It’s no secret that the rise of smartphones has led to a significant increase in e-waste generated across the world. Greenpeace, an organisation that has been campaigning against environmental degradation, and iFixit, which sells specialised tools to repair gadgets, have released a new report that documents the repairability of the smartphones, tablets, and laptops that we use.
Some of the world’s biggest technology companies such as Apple, Microsoft, and Samsung have products with extremely poor repairability scores. According to Greenpeace, this is bad for the environment because if it’s hard to repair a gadget, it’s likely to end up as e-waste sooner. Even though some of the world’s biggest tech companies are taking steps to avoid harming the environment, there’s still a long way to go.
This Chennai Startup Is Building a Waste Management Platform
In its report, Greenpeace says, “Devices that can be easily disassembled for repair are also easier to disassemble for re-use and recycling - the next stage of a product’s life - once it is no longer possible to use the whole product anymore. Components can be used again and, if not, recycled to recover the valuable raw materials.”
The 27-page report is divided into three sections — smartphones, tablets, and laptops. Greenpeace and iFixit chose 44 gadgets from some of the world’s most popular technology companies to check whether they’re easy to repair. They checked things like how easy it is to remove the display and whether components can be replaced easily, apart from looking for a repair manual for the product.
These 2 Indian Startups Will Pay Cash for Your Trash
Fairphone 2, a modular smartphone, got the full 10 points and topped the repairability scales among smartphones. LG G5, LG G4, and Xiaomi Redmi Note 3 got eight of 10 points, while the iPhone 7 and Google Pixel scored a respectable seven points. The Samsung Galaxy S8 scored a poor four points, while Galaxy S7 and S7 Edge were at three points.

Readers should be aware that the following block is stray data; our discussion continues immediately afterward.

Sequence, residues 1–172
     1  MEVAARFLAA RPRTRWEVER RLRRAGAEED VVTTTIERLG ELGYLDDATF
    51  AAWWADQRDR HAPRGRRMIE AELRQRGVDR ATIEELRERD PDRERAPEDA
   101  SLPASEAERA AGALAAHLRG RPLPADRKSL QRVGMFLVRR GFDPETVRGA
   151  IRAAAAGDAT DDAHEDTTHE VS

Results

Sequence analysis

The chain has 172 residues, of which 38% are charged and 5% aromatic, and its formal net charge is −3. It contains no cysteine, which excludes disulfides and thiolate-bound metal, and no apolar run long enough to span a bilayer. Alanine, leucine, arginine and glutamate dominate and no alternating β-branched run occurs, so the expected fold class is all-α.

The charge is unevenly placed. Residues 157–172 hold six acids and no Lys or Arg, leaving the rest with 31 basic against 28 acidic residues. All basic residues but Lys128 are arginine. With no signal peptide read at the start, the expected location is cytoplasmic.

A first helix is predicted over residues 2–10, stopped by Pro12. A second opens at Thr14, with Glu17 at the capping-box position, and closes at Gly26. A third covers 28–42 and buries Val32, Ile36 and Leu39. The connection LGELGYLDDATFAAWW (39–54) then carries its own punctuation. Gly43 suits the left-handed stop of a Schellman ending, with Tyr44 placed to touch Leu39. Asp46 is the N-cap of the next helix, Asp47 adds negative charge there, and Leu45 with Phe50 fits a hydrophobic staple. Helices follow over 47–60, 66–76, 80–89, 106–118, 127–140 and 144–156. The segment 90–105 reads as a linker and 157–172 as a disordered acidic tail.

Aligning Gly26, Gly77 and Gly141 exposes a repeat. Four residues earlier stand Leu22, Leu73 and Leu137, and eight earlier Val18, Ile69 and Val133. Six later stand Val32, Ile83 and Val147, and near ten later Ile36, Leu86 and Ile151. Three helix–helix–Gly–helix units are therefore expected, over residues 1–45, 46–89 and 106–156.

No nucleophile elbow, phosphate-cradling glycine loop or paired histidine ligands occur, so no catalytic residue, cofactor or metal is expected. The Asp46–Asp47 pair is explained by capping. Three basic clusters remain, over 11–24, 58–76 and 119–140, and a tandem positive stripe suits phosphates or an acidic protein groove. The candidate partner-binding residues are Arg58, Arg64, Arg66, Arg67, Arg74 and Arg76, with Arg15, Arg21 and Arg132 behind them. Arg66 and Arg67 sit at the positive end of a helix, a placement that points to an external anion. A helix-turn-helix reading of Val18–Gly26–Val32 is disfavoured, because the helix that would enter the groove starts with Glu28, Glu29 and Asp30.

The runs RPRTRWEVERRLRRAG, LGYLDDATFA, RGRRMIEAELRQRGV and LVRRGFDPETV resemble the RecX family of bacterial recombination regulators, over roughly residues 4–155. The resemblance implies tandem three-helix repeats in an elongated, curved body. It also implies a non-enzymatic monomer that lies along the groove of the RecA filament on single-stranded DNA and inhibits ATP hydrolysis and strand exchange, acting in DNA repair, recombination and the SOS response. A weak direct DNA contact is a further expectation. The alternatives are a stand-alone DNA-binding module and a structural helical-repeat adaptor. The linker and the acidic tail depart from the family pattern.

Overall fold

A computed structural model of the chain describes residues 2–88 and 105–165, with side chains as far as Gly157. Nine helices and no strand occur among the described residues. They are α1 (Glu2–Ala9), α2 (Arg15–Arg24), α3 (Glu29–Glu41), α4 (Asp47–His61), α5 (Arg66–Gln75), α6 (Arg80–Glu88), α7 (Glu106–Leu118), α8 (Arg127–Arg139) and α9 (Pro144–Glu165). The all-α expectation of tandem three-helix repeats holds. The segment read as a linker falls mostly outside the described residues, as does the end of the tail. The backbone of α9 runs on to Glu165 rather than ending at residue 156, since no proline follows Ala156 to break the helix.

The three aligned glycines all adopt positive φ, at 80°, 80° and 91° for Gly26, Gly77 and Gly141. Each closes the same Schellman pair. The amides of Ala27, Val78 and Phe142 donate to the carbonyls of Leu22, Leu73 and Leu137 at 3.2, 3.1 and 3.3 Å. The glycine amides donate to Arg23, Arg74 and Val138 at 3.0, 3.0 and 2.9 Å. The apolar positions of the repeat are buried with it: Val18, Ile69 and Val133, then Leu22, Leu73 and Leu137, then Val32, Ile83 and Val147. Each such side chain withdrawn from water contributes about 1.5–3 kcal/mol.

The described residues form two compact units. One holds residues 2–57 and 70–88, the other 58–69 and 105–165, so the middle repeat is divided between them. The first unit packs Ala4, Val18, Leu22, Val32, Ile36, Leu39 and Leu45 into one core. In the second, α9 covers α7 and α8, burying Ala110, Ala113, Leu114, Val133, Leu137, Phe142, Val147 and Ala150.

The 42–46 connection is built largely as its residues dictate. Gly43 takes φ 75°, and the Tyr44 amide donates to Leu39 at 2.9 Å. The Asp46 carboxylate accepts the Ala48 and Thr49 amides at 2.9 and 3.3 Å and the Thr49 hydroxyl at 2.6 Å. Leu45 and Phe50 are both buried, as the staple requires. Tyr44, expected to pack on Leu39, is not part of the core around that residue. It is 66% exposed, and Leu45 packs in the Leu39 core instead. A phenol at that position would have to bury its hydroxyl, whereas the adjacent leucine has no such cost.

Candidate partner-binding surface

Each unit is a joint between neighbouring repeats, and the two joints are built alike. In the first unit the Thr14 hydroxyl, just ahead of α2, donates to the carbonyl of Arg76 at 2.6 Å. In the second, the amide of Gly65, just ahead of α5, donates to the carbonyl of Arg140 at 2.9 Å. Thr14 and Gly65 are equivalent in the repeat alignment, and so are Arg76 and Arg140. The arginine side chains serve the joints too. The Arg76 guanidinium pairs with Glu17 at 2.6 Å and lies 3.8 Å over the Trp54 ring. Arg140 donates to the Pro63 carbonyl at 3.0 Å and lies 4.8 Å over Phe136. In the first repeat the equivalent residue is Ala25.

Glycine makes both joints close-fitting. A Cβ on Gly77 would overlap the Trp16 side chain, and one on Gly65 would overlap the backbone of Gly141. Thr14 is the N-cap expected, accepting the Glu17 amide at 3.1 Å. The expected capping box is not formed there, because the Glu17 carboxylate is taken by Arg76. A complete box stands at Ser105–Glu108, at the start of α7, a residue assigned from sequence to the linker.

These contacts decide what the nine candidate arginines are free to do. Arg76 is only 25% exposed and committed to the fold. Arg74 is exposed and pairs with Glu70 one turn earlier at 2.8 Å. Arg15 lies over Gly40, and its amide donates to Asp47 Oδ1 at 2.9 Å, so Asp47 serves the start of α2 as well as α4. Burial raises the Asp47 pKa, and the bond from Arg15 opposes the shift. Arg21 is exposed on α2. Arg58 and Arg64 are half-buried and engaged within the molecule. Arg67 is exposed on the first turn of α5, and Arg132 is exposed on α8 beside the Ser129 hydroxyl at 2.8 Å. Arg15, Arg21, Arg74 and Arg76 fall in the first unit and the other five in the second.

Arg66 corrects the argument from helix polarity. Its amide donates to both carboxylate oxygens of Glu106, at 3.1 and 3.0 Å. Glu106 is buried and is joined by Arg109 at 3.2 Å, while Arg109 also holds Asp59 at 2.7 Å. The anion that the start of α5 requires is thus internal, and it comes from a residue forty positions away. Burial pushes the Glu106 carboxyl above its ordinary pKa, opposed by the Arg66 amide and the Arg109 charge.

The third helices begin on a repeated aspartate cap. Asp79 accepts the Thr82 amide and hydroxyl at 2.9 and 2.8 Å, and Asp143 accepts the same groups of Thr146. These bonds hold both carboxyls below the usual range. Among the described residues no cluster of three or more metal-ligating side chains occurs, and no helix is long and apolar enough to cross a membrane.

Among tablets, HP Elite X2 1012 G1 scored the full 10 points but the iPad Pro 9.7” and iPad (2017) received an abysmal two points. Unfortunately, the Microsoft Surface Pro got the lowest score — one point.
Reacting to the report, an Apple statement said:
Highly-integrated design allows us to make products that are not only beautiful, thin and powerful, but also durable, so they can last for many years. When repairs are needed, authorised providers can ensure the quality, safety, and security of repairs for customers. And when products do reach end-of-life, Apple takes responsibility for recycling them safely and responsibly.
We’re continuing to invest in ways to recover materials from our products, like Liam, our line of disassembly robots—and encouraging our customers to return products through Apple Renew, our recycling program. We’re also pioneering a closed loop supply chain where products are made using only renewable resources or recycled material to reduce the need to mine materials from the earth.
On to laptops, Dell Latitude E5270 and HP EliteBook 840 G3 got 10 points of 10, while Samsung Series 9 15” scored an impressive nine points. Sadly, the MacBook Pro 13” with Touch Bar, the MacBook (2017) and Microsoft Surface Book scored just one point each.
Simple, Eco-Friendly Practices to Reduce Your Power, Water Bills
A one-point score means that these gadgets are essentially unrepairable. If there’s a hardware fault, replacement probably is the only solution because the gadget is so hard to repair. That means the faulty device adds to the global e-waste problem.
Greenpeace and iFixit note that displays were extremely tough or costly to replace in 30 of 44 devices tested and only 14 devices were designed keeping easy battery replacement in mind.
In conclusion, the report notes, “Making devices that can be repaired and made to last longer is the most significant step that brands can take to reduce the various environmental impacts associated with electronics manufacturing.” Some of the most unrepairable products in the report are ones that are praised highly for their design. The next time you admire a smartphone, tablet, or laptop for its design, it might be a good idea to think about how easily it could end up as e-waste.